Doing Business with This Home Inspector …

By popular request, I’m putting on my blogger hat today to explain some of the details of scheduling a home inspection, and some of the logistics that apply to the inspection process itself, so that clients and their real estate agents will better understand what to expect when they make an initial appointment with OZ Home Inspections, LLC.

I have, give-or-take, about 50 agents who regularly refer their real estate clients to me to perform an inspection for them. The ones who use my services most regularly are already aware of my reputation in the greater Fort Bragg market for a rare – if not unprecedented – practice. I limit myself to only one inspection per day. Most inspectors will perform two – and some even three – inspections on any given day. That limits their time on-site to 2-3 hours, usually. Some will put in as many as four hours at a challenging inspection (e.g. a house 40 years old or more, in rough condition, and larger than 3,000 sq. ft. in size). By contrast, I start my inspections between 8:30 and 9 AM, and am rarely done before 2-3 PM. That’s 5-6 hours or more on-site for the lion’s share of my inspections. Some of the tougher inspections may take 6-8 hours or more. 

That does not mean I’m going to be more critical in my observations and findings. It just means I will have spent the time that I deem necessary to perform a thorough inspection. I will not be rushed. I let the inspection take as long as it takes. 

I am equally dedicated to communicating with my clients and documenting my findings in a thorough and thoughtful way. I encourage my clients to meet with me on-site for a preliminary review of my findings, pending release of a written report by the following day. Most clients consider this face-to-face interaction very useful in providing context to the report, so there are no outstanding questions when they receive and read the report. The same-day walk-thru takes about 45 minutes to an hour, and normally happens at the end of the inspection. With about an hour’s heads-up, I call or text the clients and/or their agents, inviting them to join me for a walk-thru as I’m finishing up my work. This allows me to give them 100% of my attention, as opposed to the limited communication that would happen if we tried to do it while the inspection is ongoing. Since I’m not in a hurry to get to a subsequent inspection, these reviews are not rushed. I share all of my photos with the clients and make sure by the time they leave that their questions have been thoroughly and thoughtfully answered.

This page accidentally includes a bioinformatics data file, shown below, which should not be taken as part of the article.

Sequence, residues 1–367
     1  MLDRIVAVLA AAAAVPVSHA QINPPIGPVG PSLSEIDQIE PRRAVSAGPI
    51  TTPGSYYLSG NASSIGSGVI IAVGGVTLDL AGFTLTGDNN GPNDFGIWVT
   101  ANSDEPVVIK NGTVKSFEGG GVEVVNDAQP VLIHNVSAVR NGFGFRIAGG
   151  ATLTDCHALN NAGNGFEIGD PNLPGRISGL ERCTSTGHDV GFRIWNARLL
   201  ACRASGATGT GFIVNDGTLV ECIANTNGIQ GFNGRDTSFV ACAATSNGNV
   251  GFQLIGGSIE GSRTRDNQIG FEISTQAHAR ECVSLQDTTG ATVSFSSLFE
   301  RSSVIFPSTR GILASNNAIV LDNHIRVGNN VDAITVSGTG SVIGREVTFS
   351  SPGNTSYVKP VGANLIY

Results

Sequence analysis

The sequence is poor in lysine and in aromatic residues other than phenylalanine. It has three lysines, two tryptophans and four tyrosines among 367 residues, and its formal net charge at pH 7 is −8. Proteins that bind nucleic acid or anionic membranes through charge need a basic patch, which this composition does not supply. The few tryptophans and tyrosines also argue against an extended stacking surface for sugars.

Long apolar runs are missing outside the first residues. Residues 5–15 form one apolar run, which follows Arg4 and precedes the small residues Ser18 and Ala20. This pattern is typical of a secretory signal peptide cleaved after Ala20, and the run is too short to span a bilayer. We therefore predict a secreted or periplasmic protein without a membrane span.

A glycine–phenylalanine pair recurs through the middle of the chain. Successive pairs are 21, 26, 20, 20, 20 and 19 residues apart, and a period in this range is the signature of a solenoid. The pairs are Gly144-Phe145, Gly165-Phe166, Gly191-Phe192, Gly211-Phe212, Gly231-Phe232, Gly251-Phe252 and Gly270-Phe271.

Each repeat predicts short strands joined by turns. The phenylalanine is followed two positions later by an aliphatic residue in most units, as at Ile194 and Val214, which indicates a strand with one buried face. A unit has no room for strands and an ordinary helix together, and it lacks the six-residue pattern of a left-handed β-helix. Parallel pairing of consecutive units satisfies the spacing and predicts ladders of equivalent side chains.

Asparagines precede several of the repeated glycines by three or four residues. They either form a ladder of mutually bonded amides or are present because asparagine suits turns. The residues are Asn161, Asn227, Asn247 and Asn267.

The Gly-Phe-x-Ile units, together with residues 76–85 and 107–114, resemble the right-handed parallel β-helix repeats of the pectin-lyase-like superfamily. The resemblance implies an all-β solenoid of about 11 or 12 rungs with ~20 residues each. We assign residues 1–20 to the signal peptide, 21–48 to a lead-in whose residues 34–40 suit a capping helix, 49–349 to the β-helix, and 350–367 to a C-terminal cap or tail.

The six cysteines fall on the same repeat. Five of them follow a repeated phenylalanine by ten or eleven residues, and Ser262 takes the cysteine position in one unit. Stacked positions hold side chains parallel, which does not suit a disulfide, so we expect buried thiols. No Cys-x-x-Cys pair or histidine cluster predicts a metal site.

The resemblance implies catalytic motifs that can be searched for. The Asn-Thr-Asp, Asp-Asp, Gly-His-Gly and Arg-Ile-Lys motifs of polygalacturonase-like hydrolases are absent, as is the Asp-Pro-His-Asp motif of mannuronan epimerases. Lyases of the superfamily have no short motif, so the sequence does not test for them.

I do not charge a premium for this level of service. My fees are competitive in this market. If you’re looking for an instant quote, over the phone, I can normally provide it. I just need to know the size (square footage) and age of the house. If it is a foreclosure or distressed home, that detail may impact whether I can provide an instant quote. If you don’t know these details when you ask for the quote, you need only to text or email me the address of the property, and I’ll be able to respond, normally on the same day. 

To schedule an inspection, provide me also with the client’s name, email address, and cell number, so I can communicate with him/her and get a pre-inspection agreement signed electronically (via prior to the inspection date. I accept payment on the day of the inspection, via cash, check, money order or Zelle. Other arrangements (e.g. for deferred payment, etc.) may be arranged, as necessary, if secured by credit card.